The absence of trust in a nation's leader and government jeopardizes an effective response to a health crisis. It also creates a political crisis, a loss of faith in democracy.
Electors may not vote their consciences, which means the Electoral College will continue to operate how most Americans think it does.
The former national security adviser seems likely to be sued and could face criminal liability.
Many Americans are surprised to learn that Electoral College members do not necessarily have to pick the candidate their state's voters favored. Or do they?
The radical potential of the 14th amendment has been underestimated.
There is a long line of military heroes who had the moral courage not to follow immoral orders. In the days ahead, some may have to consider what exactly their oath to the Constitution requires.
Many militia members have championed the importance of individual rights, but have also backed a president who is now threatening the kind of crackdown they fear.
Recent efforts to restore voting rights to the formerly incarcerated, a crucial Democratic constituency, could have important implications for the 2020 presidential election.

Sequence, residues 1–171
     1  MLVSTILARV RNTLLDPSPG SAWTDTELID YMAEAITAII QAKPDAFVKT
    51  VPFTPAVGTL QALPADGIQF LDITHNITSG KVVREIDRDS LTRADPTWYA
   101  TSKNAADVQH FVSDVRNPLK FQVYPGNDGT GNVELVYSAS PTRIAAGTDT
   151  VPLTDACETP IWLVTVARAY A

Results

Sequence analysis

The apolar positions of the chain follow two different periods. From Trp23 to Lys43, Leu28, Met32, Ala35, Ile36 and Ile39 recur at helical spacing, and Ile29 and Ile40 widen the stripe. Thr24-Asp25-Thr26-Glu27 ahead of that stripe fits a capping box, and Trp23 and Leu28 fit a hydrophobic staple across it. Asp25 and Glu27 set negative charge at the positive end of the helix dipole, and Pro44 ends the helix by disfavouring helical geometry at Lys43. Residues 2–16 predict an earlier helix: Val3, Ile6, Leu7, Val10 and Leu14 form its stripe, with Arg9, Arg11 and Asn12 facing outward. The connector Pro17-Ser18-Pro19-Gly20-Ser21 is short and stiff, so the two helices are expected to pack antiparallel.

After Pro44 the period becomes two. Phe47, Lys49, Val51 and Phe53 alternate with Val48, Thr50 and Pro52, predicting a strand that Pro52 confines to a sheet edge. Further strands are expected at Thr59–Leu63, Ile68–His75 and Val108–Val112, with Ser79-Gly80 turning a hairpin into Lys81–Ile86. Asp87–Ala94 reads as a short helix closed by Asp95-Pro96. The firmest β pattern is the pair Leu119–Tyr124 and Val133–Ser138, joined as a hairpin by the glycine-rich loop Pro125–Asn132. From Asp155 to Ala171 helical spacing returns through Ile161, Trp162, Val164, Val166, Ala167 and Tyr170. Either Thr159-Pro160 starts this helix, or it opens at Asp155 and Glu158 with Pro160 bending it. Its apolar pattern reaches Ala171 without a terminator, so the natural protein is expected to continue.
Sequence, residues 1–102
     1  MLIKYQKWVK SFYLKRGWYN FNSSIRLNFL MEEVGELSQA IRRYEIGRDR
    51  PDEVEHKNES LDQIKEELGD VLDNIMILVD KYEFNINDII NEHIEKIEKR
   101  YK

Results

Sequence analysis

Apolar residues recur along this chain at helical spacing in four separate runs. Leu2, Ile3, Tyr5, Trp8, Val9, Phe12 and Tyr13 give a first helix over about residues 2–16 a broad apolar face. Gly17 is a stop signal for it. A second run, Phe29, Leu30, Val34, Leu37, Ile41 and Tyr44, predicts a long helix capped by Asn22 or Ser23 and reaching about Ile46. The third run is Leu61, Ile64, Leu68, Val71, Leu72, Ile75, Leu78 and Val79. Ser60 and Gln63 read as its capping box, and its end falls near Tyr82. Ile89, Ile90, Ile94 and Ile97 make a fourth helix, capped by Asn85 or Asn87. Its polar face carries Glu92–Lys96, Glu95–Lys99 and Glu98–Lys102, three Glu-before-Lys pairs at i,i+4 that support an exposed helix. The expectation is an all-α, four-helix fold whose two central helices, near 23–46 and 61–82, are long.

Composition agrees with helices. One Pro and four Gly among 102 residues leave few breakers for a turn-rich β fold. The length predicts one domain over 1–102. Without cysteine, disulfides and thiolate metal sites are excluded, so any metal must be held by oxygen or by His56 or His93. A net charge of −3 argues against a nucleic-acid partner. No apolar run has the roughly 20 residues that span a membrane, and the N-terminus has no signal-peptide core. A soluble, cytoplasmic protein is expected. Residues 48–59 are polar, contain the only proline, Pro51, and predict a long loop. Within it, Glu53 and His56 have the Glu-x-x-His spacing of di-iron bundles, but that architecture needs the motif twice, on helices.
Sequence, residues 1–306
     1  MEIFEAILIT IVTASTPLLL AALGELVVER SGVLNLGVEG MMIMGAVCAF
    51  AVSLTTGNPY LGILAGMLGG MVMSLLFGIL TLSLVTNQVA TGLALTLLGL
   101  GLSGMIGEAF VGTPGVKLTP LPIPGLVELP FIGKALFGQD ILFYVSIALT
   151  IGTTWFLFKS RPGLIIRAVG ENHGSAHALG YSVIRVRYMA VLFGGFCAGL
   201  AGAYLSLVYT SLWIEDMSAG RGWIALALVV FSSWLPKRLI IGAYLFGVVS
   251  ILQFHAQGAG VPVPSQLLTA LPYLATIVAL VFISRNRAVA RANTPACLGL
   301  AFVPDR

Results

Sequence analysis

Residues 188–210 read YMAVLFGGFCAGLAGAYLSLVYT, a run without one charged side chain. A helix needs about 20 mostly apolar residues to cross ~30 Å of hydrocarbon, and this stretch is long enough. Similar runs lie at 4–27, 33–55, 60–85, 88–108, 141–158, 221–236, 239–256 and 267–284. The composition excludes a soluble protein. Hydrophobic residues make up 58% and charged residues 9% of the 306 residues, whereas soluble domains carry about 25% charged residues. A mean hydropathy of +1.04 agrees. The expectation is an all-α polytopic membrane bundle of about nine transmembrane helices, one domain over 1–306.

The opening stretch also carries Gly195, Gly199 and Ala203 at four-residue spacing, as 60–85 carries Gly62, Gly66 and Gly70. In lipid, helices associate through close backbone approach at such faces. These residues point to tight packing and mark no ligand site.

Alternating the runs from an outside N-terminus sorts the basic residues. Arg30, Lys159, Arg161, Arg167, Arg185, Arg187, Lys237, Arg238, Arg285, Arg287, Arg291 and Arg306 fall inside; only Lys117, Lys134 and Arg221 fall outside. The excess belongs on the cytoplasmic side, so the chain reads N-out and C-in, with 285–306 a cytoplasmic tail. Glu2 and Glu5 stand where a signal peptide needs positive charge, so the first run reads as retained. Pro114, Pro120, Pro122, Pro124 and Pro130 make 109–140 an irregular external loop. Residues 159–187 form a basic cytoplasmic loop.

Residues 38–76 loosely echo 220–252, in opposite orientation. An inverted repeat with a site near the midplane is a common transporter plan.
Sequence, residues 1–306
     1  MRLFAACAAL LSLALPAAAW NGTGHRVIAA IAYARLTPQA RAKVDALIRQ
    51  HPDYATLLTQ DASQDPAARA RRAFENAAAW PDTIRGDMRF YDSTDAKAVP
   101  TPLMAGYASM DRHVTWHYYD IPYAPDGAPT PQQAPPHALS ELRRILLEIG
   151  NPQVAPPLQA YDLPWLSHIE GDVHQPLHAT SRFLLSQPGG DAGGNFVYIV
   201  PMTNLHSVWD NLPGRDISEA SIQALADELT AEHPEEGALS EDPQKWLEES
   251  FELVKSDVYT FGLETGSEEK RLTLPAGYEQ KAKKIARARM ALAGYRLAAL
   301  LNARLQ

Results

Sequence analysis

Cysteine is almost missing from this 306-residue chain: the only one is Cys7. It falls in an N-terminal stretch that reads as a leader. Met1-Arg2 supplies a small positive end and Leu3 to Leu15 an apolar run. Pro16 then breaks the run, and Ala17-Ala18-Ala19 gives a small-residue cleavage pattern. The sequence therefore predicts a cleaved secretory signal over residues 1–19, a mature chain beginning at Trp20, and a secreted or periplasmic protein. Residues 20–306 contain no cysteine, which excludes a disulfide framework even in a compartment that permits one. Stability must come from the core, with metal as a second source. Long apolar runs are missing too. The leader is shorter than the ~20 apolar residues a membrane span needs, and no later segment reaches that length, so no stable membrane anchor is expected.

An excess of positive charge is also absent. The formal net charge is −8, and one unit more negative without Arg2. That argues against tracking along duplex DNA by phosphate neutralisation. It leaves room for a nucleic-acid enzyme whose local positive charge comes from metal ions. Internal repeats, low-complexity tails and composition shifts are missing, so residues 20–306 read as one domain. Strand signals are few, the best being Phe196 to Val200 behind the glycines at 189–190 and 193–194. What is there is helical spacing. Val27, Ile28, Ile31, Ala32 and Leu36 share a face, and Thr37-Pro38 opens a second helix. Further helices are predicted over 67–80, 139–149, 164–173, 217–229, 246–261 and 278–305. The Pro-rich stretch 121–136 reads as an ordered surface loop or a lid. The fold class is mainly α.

The US president is punishing Twitter for using a factcheck to point out that one of his tweets is incorrect.
Federal authorities have input, but states reign supreme – unless they decide to let local governments make the call.
Three cases just argued in the Supreme Court have the potential to redefine the power of Congress to hold the president accountable.
An analysis of the expressions used by Donald Trump to designate Covid-19 sheds light on his political calculations and on the evolution of his relationship with China in recent weeks.
The Supreme Court under Chief Justice John Roberts has reversed its decadeslong practice of protecting voters' rights and removing barriers to casting ballots.
Did members of Congress illegally sell stocks after getting inside information about the pandemic from federal officials? A former lawyer for the House says proving such cases is very difficult.
Democrats may soon propose letting members of Congress vote by proxy during the pandemic. A legal scholar says the language the Founders used 233 years ago could allow voting remotely.
Today's coronavirus pandemic has echoes in the yellow fever pandemic of the 1790s. Then, as now, workers struggled with how to support themselves and their families. One federal agency had the answer.
The modern poll tax isn't paid in money, but in time – how long it takes a person to get to a polling place, and, once there, how long it takes for them to actually cast their ballot.
Could defiance of court orders at the highest level undermine the Constitution's authority in the eyes of American citizens?
If President Trump's attacks on the justice system are meant to intimidate, there's one class of employees who are immune to that: federal judges who have lifetime tenure.
In 1868, during the impeachment trial of President Andrew Johnson, the Senate tied on two votes. Chief Justice Salmon P. Chase broke both ties.